Up front, the dash is basically the same as that of the A-Class and B-Class – the same, hugely impressive, “digital plank” widescreen display, the same “Hey, Mercedes” digital assistant, the same big eyeball air vents – but with some chunky detailing, including a big slab of metallic-painted plastic masquerading as milled aluminium. If there’s a disappointment, it’s that more hasn’t been done to make the GLB feel truly like a small G-Class, as there’s a slight lack of oddment space, or rugged, rubberised matts and so on. Another disappointment is that some of the plastics on show really do look and feel very cheap (the window switches especially so). The column stalks also feel really naff.

Up front, the dash is basically the same as that of the A-Class and B-Class
Up front, the dash is basically the same as that of the A-Class and B-Class

Our test car came with the 200d 2.0-litre turbo diesel engine, which is, I guess, hardly fashionable, but it is economical. We easily broke through the 5.6-litres per 100km (50mpg) barrier, and with a little gentle cruising saw as good as 4.7l/100km (60mpg). It is a little noisy, though, giving off a constant low-frequency whine, and growling rather obviously when pressed hard. There’s also some occasional clunks and thumps from underneath, which have possibly been engineered in to make the GLB sound and feel that bit more rugged and outdoorsy, but which are equally possibly just annoying noises. Performance, with 150hp and 380Nm of torque, is absolutely fine, though, and the eight-speed automatic gearbox is impressively smooth. A fully-electric version, badged EQB, is due to go on sale next year.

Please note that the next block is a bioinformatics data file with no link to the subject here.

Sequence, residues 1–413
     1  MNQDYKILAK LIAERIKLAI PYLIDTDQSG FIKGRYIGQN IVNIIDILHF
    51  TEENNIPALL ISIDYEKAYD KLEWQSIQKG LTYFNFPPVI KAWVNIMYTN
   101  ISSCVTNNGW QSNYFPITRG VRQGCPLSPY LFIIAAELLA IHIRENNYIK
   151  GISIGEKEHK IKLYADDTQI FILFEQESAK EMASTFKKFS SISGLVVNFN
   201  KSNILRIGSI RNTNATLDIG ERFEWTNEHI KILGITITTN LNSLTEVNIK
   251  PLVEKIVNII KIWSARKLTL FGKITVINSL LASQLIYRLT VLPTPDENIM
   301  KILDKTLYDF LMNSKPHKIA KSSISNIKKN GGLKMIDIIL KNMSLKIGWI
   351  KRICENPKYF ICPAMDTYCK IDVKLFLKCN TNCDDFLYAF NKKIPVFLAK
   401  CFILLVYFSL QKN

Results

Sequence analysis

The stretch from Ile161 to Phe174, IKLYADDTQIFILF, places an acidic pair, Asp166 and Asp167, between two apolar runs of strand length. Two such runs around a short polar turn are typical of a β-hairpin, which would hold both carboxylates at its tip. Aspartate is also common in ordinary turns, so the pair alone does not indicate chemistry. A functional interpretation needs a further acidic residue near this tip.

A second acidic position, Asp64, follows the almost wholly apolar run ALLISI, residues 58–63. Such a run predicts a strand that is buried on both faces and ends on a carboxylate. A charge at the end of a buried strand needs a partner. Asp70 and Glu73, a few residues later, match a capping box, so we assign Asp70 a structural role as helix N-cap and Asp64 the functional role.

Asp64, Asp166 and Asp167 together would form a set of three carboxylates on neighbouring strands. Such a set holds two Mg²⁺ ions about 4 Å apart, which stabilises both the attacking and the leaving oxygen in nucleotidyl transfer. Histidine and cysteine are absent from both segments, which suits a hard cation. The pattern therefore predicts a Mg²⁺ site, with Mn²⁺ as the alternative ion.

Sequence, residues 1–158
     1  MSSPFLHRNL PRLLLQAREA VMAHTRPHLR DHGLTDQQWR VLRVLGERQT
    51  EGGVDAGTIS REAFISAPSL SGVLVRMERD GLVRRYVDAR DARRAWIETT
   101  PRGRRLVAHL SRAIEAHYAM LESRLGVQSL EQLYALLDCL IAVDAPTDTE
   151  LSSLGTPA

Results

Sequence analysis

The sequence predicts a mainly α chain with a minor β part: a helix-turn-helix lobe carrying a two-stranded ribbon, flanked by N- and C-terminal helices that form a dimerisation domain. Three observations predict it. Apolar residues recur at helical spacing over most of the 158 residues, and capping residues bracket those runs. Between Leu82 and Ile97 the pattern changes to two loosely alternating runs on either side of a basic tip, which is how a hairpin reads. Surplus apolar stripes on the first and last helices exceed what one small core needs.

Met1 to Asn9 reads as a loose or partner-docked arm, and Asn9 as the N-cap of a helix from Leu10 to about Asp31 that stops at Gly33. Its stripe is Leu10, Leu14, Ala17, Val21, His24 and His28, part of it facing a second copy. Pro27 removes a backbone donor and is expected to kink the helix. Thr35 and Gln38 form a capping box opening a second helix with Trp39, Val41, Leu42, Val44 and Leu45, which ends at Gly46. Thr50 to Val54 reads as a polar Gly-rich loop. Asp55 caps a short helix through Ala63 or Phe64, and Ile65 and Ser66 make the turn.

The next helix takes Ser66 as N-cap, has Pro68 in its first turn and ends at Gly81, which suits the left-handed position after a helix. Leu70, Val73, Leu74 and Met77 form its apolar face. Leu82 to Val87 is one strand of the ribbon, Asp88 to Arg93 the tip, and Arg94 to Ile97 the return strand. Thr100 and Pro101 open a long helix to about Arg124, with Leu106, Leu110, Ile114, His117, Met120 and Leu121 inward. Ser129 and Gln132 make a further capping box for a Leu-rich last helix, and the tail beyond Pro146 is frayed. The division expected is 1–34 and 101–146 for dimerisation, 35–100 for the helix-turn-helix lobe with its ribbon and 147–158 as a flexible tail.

Laid-back drive

Through the corners? Well, let’s just say that the GLB has possibly the most pointless Sport mode ever. It makes the steering a little heavier and the throttle a little sharper, but with the way the GLB leans through corners, and the generally lazy responses of the front end, there’s just no need for it. That’s not to say that the GLB is unruly nor unresponsive – it’s neither – but it is a car that rewards a more laid-back approach. The body lean is gradual and well-controlled, the front does grip and turn once you give the light, slightly over-assisted steering a chance, and the whole process is actually quite pleasant. It’s not a car to tear about in, criss-crossing mountain roads, but rather a solidly comfy family cruiser. The only demerit is that, occasionally, the ride quality can get a touch thumpy, and the springs transmit rather too many short, sharp road ripples.

Does the GLB do enough, though, to invalidate the appeal of the GLA or GLC? Well, not quite. While the GLA is, arguably, more attractive and more overtly sporty, for similar cash I’d have the chunkier, more sedate GLB every time. Compared to the GLC, you get as much or slightly more space and practicality with the GLB, for slightly less money, but then the GLC does definitely have an air of greater class, and it’s internal fixtures and fittings are definitely of a higher quality.

That said, the GLB is quite possibly the most instantly likable, charming, and appealing model that Mercedes has yet spun off its front-wheel drive A-Class NGCC platform. It hasn’t – quite – broken Merc’s model line-up, but it’s certainly added to it.


Power 2.0-litre four-cylinder diesel putting out 150hp and 380Nm of torque with an eight-speed automatic transmission and front-wheel drive.
CO2 emissions (annual motor tax) 129g/km (€270).
L/100km (mpg) 5.7 (49.9).
0-100km/h 9 seconds.
Price €52,231 as tested (GLB starts at €42,350).
Verdict It’s not quite a perfect miniature G-Wagen, but the GLB is bursting with appeal.